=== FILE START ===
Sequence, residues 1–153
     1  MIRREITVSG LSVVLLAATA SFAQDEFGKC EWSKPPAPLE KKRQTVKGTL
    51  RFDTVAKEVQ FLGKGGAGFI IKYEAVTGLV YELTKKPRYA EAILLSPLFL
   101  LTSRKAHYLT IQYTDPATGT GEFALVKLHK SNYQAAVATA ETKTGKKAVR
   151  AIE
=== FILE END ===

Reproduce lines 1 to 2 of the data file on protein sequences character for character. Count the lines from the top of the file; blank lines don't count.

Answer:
Sequence, residues 1–153
     1  MIRREITVSG LSVVLLAATA SFAQDEFGKC EWSKPPAPLE KKRQTVKGTL